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BY Leo Hynett


Accessible Gaming: The Gaming Industry’s Latest Quest

The journey to making video games accessible for everyone.

SEPTEMBER 15  2021


Gaming is a brilliant way to socialise and stay connected, as well as allowing us to explore worlds other than our own.

Almost everyone engages with games these days whether that’s through console gaming, mobile gaming, or watching others play on YouTube or Twitch. With the Esports industry estimated to break $1billion this year, the impact of gaming is becoming impossible to ignore.

But what if you can’t engage in the gaming world as much as you’d like?


Gamers with disabilities

In the US, the gaming industry is currently worth over $65 Billion and during the pandemic a lot of people turned to games as a way to stay connected with people they were unable to see in real life. The social aspect of interacting with other players has been highlighted as one of the most important aspects of gaming in 2021. Ensuring equal access to these communities for gamers with disabilities is a vital step for the gaming industry: ‘according to the ESA Foundation, there are nearly 46 million gamers with disabilities in the U.S. alone’, yet many games are not inherently accessible. Some gamers can’t access this community that many of us – especially young people – take for granted.

As online gaming communities grow and developers become more aware of accessibility issues, this has begun to change: charities like AbleGamers are building custom setups so that no one is left out of the fun.

Xbox has been leading the way with console accessibility, regularly updating their guidance based on community feedback. The Xbox team realises that:

‘If everyone is gaming, then gaming needs to be for everyone. We need to make sure we aren’t unintentionally putting up barriers for those who want to join in. That requires intentional, inclusive practices and thinking in everything thing we do and every product we make. We have to ensure accessibility is a focus from the very beginning.’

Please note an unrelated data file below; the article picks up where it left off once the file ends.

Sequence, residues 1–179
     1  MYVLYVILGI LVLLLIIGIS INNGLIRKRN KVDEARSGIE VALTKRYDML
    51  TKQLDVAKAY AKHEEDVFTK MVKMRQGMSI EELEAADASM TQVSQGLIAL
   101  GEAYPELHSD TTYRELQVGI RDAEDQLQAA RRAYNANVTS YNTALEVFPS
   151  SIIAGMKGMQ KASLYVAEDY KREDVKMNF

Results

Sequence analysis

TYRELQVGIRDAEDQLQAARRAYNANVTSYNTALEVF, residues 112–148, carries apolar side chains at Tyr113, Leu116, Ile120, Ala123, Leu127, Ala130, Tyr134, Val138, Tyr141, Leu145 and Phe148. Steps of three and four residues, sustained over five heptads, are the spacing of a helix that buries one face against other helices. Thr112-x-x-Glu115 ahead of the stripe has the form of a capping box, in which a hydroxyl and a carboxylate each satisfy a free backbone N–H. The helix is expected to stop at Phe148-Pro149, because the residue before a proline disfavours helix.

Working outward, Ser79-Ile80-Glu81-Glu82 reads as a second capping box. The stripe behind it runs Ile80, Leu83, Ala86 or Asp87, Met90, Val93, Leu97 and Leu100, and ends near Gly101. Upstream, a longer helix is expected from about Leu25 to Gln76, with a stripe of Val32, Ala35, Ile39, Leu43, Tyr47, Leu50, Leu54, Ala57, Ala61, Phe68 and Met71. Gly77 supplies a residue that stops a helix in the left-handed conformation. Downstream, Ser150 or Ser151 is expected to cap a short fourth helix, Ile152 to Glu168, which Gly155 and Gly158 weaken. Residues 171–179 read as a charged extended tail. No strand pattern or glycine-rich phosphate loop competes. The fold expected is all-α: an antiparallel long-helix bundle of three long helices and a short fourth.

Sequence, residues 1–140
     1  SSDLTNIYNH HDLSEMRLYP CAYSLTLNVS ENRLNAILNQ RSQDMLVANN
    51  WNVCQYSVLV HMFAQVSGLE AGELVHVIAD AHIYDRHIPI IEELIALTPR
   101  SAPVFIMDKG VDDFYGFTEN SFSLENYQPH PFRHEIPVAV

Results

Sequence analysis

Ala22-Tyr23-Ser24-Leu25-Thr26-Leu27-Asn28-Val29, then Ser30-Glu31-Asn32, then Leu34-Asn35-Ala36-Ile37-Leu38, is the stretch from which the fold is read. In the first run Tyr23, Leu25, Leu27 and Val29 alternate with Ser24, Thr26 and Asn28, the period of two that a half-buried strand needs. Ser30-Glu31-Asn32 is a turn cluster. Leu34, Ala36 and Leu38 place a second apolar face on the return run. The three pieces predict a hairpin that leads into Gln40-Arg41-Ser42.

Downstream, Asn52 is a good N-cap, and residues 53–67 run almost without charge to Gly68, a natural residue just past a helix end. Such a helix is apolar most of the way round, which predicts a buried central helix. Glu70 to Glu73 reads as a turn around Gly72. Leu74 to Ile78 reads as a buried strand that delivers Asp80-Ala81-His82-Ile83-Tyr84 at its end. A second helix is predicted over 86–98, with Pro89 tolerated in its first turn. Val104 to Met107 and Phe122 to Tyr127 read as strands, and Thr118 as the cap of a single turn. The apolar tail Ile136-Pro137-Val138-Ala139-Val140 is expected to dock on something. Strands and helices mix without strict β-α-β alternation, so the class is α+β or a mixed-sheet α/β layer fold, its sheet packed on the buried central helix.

Adaptive hardware

From remapping buttons to fully customisable controllers, the physical ways we engage with games are adjustable to suit the needs of players.

Though console controllers are designed to be comfortable and usable for most people, one size and shape does certainly not fit all. The Xbox Adaptive Controller is a hub that works with a range of external devices such as switches, buttons, mounts and joysticks to create a fully customised controller.

Steven Spohn, COO of Able Gamers, worked with Microsoft to develop this technology. He has a modified hat controller that uses infrared sensors to track his movements and move his character. This controller has given him the freedom to build a community and raise awareness of the needs of gamers with disabilities.

As they pivot ‘from chip-making to more consumer-facing technology’, Intel has conducted studies directly with gamers to help make custom products. Their findings highlighted the fact that even though people may share a diagnosis their needs will be different, and therefore the solutions must be adaptable.

For those who can’t use physical controllers, eye gaze technology can be used. EyeMine, a custom Minecraft mod developed by charity SpecialEffect, can easily be added to the game:

‘Windows-based EyeMine is free to download for anyone with a Minecraft account and works with a number of suitable eye-trackers. It can be made compatible with any eye tracker that can control a mouse pointer.’